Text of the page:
By Nathan Harper
Buying a t-shirt to support your favorite band and beer is an understandably well-ingrained form of self-expression. If you like to let the world know that you imbibe IPA and listen to bluegrass, there’s no better way to show it than to wear it on your chest. And for over 25 years Go West T-Shirt Company has been silk-screening shirts, hats and hoodies with stylized cruiser bikes, hop leaves and guitars that help make Northern Colorado unique.
Even before he moved here from Chicago, Go West owner Todd Lackie was a Colorado boy at heart. A screen printer since the late 1980s, Lackie used to fly west for Widespread Panic and Grateful Dead concerts so he could sell his self designed t-shirts to like-minded fans before shows at Red Rocks.
After a few summers of flying out to the mountains from the Midwest, he stopped wanting to go back. So, in 1998, with little more than his dog and his screen-printing skills, Lackie left the Windy City for the Choice City.
Hired on by Go West’s original owner, Lackie started at a very different company than the one that exists today. In place of the diverse list of clients — breweries, charities, theaters, bands and more — and state of the art machinery that now fills their building on east Lincoln Avenue in Fort Collins sat 30-year-old press printing designs for two customers.
It might not have seemed like much at the time, but one of those customers was New Belgium Brewery.
“We’ve been the sole printing company for New Belgium since they started,” Lackie said. “The original owner did a couple shirts for them while they were still selling bombers out of their garage.”
As New Belgium grew, so did Go West, and on the strength of their work they began to seek out and acquire many other brewery clients. The list is extensive, including NoCo favorites like Odell, Grimm Brothers, Oskar Blues, Left Hand, Fort Collins Brewery, Loveland Ale Works and dozens of others. In addition they’ve also spread nationally, supporting brands like Dogfish Head and Allagash.
More than just a steady client base, the beer business has also helped define the way that Lackie prints t-shirts.
“We try to run this like a brewery as much as possible,” he said. Impressively, this claim goes beyond Go West’s in-house brewing operation and the tasty Saison IPA that print operator and brew master Josh Clifton creates for friends and customers who find themselves sitting at the bar located in the back of the building.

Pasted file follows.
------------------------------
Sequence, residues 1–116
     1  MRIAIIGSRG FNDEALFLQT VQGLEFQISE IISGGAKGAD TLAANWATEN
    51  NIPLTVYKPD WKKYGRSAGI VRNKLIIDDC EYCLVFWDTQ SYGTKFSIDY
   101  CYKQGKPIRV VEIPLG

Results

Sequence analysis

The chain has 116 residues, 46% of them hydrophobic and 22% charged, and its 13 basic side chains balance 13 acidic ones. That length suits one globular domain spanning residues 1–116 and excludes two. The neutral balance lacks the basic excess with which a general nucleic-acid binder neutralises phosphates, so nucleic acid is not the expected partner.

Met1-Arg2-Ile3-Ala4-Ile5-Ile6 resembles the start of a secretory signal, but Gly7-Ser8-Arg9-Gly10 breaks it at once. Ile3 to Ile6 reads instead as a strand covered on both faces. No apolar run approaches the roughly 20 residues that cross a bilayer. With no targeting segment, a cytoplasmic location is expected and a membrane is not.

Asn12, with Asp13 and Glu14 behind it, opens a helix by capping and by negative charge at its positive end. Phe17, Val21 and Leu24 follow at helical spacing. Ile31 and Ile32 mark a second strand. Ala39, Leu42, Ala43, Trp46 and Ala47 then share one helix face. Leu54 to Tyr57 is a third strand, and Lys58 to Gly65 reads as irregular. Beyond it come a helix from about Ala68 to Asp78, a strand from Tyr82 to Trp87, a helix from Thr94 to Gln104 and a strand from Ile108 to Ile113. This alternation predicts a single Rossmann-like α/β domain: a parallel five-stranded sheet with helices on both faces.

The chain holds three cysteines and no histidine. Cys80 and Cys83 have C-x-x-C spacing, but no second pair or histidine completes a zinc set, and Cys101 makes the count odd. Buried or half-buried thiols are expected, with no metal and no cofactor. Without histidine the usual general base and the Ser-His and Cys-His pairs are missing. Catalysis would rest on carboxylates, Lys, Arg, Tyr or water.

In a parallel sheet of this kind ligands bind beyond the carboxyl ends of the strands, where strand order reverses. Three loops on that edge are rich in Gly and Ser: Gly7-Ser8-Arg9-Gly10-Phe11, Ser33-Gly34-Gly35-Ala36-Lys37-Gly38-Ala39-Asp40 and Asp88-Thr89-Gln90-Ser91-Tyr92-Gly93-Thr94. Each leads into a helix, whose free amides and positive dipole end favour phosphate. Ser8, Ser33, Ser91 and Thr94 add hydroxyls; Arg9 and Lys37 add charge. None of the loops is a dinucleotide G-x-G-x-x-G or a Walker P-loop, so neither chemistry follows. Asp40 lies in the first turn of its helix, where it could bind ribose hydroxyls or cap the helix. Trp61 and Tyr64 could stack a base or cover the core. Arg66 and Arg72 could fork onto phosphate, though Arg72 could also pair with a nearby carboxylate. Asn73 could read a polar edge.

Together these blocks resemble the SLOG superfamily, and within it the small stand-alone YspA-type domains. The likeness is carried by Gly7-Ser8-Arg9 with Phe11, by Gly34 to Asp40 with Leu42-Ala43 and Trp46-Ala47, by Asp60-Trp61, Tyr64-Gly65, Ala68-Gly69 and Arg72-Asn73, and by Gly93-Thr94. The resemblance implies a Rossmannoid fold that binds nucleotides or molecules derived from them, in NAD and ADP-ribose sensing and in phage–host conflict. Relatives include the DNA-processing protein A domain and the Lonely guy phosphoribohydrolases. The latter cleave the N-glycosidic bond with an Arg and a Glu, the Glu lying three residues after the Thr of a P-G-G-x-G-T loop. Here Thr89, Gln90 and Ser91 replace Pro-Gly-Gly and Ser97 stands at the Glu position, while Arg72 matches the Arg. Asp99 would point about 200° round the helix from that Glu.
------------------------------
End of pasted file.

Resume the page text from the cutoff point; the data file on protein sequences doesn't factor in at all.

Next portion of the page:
“As we’ve grown with [the breweries], we’ve mirrored their charitable efforts as well,” Lackie said.
The biggest way that Go West gives back is by leveraging their successful relationships with their larger clients in order to help their smaller ones.
“We survive on our big brewery customers,” Lackie said. “And we pass those volume discounts and advantages onto all of our customers. When we work with bands, charities and non-profits we’ll sell them 200 shirts for the same price as if they were buying 2000.”
Lackie continued: “We’d rather pay our employees a living wage and help March of Dimes get maximum return than stack up money in the bank.”
“Cotton with a Conscience” is the Go West slogan, and for Lackie that means fair treatment for his community, employees and the environment. He prides himself on the Go West’s contributions to local arts programs like Streetmosphere, and on the tenure of his employees who help foster Go West’s fun and productive atmosphere. He also takes pride in the eco friendly measures that the company uses.
“We were doing it when we couldn’t afford to do it, and before it was a marketing scheme that paid dividends,” Lackie said. Go West is a large purchaser of organic and United States sourced cotton, and are proponents of the recycled poly/cotton garment industry. They also offer inks with fewer harsh chemicals and use citrus and soy based cleaners.
If all of that sounds rather serious, it’s because Go West wants to give back to the Northern Colorado community that has supported them. But this is still a t-shirt company owned by a Spread/Dead-Head, so even though Go West’s printing operation will soon be growing, Lackie’s eyes light up the most when he talks about how that will also allow them to increase their brewing output, too.
“We’ll be expanding to a 30 barrel system,” he said. There are also plans to put in another bar. “People can see the printing process happen, and enjoy a beer while they do it.”